Car sharing follows a similar peer-to-peer business model that allows homeowners to rent their spaces through the Airbnb network or drivers to transport riders in their own cars through networks run by companies like Lyft or Uber. Car sharing connects vehicle owners who want to make their cars or trucks available for rent via an app-based platform to those in need of a borrowed vehicle.

The companies, in much the same vein as other peer-to-peer innovators, have been locked in a sniping match about which, if any, regulatory and tax requirements should apply to the business models.

Sen. Curt Bramble, R-Provo, said his proposal would have found some parity in terms of taxes and fees that acknowledged both the similarities and differences between tradition rentals and car sharing.

Sen. Curt Bramble, R-Provo, left, asks a question of Sen. Allen Christensen, R-North Ogden, sponsor of SB96, during discussion on the GOP leadership-backed replacement for the voter-approved Medicaid expansion ballot initiative at the Capitol in Salt Lake
FILE - Sen. Curt Bramble, R-Provo, left, speaks at the Capitol in Salt Lake City on Monday, Feb. 11, 2019.
Steve Griffin, Deseret News

"This is an issue that is being faced by legislatures across the country," Bramble said. "What we didn't do this session is give (car sharing companies) any carve-outs to level the playing field, which we should have done.

"I think what will happen now, until we come up with a solution, is that (car sharing companies in Utah) will find themselves crosswise with compliance."

Rep. Kim Coleman, R-West Jordan, said she'd successfully brought legacy car rental companies together with peer-to-peer car sharing operators and other regulatory agencies with concerns, like the Salt Lake City International Airport, to arrive at a consensus bill, but her efforts were thwarted near the end of the session by a Senate committee rejection. Coleman said Friday she believed a solution would be reached, but it needed to be one that embraced a free market approach to crafting regulation.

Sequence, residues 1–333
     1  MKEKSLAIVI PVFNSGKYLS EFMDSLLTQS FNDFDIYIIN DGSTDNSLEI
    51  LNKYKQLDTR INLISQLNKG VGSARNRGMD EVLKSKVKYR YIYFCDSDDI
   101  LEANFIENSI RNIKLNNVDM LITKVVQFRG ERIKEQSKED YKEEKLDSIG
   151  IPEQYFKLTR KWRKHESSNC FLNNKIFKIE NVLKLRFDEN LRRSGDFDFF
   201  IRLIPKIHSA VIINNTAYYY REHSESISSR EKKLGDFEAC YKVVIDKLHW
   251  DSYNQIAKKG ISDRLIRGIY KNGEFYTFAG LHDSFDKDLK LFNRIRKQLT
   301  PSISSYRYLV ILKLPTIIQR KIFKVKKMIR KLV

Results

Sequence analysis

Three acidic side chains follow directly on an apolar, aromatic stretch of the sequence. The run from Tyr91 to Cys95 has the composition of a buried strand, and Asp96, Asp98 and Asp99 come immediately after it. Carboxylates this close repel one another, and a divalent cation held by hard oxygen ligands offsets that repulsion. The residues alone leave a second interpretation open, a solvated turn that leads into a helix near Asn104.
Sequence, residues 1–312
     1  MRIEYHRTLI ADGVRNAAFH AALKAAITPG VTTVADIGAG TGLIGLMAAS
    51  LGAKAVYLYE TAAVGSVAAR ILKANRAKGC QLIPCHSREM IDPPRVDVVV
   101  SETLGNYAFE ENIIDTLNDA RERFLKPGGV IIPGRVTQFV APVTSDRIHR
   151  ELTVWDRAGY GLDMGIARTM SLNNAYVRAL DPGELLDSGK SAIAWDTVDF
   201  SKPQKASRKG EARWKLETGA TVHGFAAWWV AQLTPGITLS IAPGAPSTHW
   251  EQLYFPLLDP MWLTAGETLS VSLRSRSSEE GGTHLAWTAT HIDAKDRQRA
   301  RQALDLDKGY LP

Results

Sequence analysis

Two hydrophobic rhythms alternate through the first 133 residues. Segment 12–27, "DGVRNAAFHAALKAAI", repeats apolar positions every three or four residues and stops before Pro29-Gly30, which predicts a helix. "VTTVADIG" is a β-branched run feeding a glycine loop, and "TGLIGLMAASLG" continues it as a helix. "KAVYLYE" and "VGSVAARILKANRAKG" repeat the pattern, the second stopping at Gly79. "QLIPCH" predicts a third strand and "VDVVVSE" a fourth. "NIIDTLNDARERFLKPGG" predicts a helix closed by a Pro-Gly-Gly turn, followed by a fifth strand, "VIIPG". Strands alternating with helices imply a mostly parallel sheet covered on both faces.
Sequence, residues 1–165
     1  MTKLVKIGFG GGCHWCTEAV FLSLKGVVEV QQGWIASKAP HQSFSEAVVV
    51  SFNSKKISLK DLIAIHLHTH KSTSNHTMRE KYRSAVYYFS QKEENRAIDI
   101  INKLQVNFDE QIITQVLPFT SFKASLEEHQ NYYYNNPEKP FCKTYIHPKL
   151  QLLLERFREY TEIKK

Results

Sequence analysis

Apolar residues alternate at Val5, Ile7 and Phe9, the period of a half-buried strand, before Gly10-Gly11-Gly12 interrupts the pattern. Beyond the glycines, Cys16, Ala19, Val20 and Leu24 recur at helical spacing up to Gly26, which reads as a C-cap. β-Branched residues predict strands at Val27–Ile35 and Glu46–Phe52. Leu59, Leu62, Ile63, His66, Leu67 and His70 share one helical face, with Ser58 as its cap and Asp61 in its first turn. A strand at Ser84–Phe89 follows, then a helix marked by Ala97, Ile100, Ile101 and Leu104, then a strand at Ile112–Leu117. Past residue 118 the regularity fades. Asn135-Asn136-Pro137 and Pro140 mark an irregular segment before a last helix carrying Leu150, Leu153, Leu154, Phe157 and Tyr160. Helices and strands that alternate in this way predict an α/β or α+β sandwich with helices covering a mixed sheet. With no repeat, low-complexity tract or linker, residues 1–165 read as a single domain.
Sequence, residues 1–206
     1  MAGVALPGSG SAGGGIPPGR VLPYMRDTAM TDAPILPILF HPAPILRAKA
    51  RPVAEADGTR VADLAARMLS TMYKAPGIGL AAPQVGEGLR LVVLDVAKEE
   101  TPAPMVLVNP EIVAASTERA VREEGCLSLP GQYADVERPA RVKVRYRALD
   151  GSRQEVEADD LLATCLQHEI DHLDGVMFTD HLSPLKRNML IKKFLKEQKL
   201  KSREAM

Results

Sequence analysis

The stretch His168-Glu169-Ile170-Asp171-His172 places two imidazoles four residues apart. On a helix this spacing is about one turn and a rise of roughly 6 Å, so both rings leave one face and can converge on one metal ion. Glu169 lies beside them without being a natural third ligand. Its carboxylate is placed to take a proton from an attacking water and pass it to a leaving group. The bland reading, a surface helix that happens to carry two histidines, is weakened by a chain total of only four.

"The belief that it's government's duty to protect legacy companies from disruption by peer-to-peer companies is flawed on so many levels," Coleman said. "I believe there really is space to welcome peer-to-peer and sharing economy businesses … and it was what I was working toward, a reasonable regulatory framework."

Both Coleman and Bramble noted they expect a resolution proposal on the issue to emerge from interim legislative meetings.

Joseph Woodbury, co-founder and CEO of Neighbor, a Utah-based peer-to-peer network company that specializes in storage solutions, said toward the end of the session that Coleman's approach was one he felt best recognized new, innovative business models.

"The marketplace community has gotten some mixed messages this session for sure," Woodbury said. "At,, we are super grateful for the work our state legislators do, especially those like Rep. Coleman that are working tirelessly to protect marketplaces in HB354."

One proposal that earned plenty of support from lawmakers, but no funding, would have created a program to incentivize the purchase of battery storage systems to compliment clean energy systems, like solar panels.

Sen. Lincoln Fillmore, R-South Jordan, told a legislative committee during the session that his SB111 was aimed at driving innovation but, at its heart, was a pro-environment effort.

Supporters of the bill, like Utah Clean Energy, said the systems could help grow a network of small-scale, clean energy power producers that could fundamentally change the current one-way street of corporate energy provision.

Fillmore was hoping to launch the program, which would offer rebates on battery storage systems, with $5 million. The Salt Lake County legislator said he'd likely revisit the issue again.